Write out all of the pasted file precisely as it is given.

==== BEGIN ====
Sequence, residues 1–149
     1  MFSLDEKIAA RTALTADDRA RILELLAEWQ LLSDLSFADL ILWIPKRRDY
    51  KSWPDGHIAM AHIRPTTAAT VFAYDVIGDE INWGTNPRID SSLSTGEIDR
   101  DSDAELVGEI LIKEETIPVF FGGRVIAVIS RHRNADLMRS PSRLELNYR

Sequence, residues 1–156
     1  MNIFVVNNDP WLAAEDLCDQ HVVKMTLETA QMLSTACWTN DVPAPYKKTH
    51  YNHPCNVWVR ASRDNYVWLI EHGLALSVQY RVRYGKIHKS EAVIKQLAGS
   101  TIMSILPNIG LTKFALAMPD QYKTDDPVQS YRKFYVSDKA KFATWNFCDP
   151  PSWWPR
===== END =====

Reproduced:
Sequence, residues 1–149
     1  MFSLDEKIAA RTALTADDRA RILELLAEWQ LLSDLSFADL ILWIPKRRDY
    51  KSWPDGHIAM AHIRPTTAAT VFAYDVIGDE INWGTNPRID SSLSTGEIDR
   101  DSDAELVGEI LIKEETIPVF FGGRVIAVIS RHRNADLMRS PSRLELNYR

Sequence, residues 1–156
     1  MNIFVVNNDP WLAAEDLCDQ HVVKMTLETA QMLSTACWTN DVPAPYKKTH
    51  YNHPCNVWVR ASRDNYVWLI EHGLALSVQY RVRYGKIHKS EAVIKQLAGS
   101  TIMSILPNIG LTKFALAMPD QYKTDDPVQS YRKFYVSDKA KFATWNFCDP
   151  PSWWPR